Remainders is a catalog of things left behind.
In the mid-1940s, the city of Augusta, Georgia set aside a 140-acre plot of land southeast of downtown for the sale of homes and property by the city’s African American population. They called the neighborhoods Hyde and Aragon Park. Black families began buying land and building homes. Immediately outside the neighborhood, industrial yards began popping up. First a junkyard, then an industrial materials plant, then a wood treatment facility. Seven facilities operated on the immediate border of the neighborhood.
By the 1960s, the neighborhood housed over 200 families. There were no running water, plumbing, street lights, or paved streets. The 1980s brought the first signs of trouble. Increased rates of cancer and respiratory problems plagued the Hyde Park residents. The neighbors drove a series of studies that identified chemical run-off in the soil under their feet. The EPA and Augusta conducted the first clean-up operation in 1999 — a decade after the first traces of chemical runoff were identified, and over 50 years after the neighborhood was established.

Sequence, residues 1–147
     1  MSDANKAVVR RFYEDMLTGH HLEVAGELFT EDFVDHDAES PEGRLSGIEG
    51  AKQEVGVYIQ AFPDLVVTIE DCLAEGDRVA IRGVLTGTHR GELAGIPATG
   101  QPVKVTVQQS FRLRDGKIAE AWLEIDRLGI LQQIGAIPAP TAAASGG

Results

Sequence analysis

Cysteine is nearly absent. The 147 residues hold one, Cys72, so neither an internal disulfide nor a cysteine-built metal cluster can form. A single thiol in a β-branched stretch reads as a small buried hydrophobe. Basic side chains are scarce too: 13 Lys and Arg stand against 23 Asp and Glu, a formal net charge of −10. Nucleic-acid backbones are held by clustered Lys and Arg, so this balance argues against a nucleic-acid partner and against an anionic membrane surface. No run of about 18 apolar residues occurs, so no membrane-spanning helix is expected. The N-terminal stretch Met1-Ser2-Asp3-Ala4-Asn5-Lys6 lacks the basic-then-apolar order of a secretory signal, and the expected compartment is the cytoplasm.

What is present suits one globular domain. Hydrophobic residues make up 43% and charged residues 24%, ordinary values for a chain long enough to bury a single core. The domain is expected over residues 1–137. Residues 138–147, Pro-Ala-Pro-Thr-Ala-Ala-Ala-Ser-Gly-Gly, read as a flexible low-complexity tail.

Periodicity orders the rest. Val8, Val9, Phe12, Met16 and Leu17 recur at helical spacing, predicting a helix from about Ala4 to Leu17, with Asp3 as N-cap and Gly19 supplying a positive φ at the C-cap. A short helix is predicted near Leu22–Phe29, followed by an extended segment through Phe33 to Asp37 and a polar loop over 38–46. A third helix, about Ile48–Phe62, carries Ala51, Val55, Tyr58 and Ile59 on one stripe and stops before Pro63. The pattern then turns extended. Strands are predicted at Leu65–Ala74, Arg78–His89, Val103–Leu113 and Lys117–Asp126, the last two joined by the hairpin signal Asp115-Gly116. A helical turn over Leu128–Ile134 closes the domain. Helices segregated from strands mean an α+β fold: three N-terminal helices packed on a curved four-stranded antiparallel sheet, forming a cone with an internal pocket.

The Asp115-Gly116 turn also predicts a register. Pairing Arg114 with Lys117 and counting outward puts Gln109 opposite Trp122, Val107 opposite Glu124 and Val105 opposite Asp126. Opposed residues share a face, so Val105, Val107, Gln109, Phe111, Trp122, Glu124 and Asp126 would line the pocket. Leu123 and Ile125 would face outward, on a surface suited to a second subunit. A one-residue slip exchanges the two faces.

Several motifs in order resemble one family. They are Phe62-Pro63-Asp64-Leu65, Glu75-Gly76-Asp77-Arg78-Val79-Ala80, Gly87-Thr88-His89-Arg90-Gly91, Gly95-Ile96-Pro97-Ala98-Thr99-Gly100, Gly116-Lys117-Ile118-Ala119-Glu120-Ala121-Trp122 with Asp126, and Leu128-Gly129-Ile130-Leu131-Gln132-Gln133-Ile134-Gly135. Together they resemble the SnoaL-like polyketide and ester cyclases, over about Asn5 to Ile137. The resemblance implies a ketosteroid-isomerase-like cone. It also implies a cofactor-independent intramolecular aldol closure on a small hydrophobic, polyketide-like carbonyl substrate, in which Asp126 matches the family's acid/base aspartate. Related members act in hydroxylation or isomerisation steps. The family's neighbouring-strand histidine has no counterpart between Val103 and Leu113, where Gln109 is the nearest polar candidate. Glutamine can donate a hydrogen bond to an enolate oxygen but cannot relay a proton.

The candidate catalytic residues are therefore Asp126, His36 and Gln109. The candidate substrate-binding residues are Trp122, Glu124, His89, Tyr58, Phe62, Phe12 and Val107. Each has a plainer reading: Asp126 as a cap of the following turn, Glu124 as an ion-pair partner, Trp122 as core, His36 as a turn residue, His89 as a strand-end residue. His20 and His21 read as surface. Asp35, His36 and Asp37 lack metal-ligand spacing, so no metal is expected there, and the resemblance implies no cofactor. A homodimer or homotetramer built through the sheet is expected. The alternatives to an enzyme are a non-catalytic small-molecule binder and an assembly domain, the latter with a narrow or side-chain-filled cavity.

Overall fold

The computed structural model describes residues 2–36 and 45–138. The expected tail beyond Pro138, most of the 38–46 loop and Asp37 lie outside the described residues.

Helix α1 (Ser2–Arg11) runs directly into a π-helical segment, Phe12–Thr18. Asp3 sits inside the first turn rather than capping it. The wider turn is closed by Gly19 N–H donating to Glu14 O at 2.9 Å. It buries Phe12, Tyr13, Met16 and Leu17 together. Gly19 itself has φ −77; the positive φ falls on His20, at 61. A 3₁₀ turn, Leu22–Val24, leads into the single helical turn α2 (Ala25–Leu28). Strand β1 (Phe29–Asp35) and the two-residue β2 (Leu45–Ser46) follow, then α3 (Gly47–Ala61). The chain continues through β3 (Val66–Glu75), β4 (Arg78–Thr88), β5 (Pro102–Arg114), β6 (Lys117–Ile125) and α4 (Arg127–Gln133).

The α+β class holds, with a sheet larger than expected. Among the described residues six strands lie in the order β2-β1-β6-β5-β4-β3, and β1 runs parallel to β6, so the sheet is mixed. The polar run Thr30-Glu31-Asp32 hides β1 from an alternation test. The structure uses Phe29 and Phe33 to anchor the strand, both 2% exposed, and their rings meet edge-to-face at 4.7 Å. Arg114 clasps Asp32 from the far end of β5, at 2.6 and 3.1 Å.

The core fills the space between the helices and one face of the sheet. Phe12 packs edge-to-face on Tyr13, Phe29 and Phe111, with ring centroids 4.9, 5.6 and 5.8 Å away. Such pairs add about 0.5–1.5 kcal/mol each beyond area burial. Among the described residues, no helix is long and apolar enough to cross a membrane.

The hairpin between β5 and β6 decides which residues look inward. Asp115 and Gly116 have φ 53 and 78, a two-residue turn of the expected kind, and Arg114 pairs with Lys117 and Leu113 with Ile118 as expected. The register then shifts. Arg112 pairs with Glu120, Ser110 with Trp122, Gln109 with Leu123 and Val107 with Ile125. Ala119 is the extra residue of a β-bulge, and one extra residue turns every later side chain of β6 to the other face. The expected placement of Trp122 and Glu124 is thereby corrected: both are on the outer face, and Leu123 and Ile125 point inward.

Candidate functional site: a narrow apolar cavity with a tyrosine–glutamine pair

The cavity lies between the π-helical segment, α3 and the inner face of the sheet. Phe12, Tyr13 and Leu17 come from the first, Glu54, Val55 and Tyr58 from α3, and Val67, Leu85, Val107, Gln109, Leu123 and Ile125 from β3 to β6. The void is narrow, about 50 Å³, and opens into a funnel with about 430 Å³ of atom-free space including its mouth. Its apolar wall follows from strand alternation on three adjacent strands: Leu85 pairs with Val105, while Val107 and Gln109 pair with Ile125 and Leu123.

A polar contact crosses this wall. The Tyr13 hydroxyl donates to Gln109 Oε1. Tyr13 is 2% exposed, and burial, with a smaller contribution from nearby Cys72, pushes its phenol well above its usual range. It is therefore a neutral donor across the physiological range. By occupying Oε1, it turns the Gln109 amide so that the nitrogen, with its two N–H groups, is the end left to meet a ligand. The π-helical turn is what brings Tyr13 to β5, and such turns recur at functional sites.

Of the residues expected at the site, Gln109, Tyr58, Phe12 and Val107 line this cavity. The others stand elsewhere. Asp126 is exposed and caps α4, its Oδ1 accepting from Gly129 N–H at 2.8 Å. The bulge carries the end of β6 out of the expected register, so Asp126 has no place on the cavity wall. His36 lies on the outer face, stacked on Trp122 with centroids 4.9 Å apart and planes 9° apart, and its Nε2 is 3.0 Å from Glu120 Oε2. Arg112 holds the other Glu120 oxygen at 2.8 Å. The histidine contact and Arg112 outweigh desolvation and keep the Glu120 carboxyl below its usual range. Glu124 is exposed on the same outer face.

In 2010, the council decided that a relocation program was in the best interest of the community. In fits and starts, the city relocated families out of Hyde Park with monetary incentives. As of 2016, a dozen families remained. Inhabited homes stood between rows of decaying and collapsing structures. The final families relocated in 2018, a full 78 years after the first black Georgians were authorized to buy land under Jim Crow property laws. The story of Hyde Park is a classic example of environmental racism.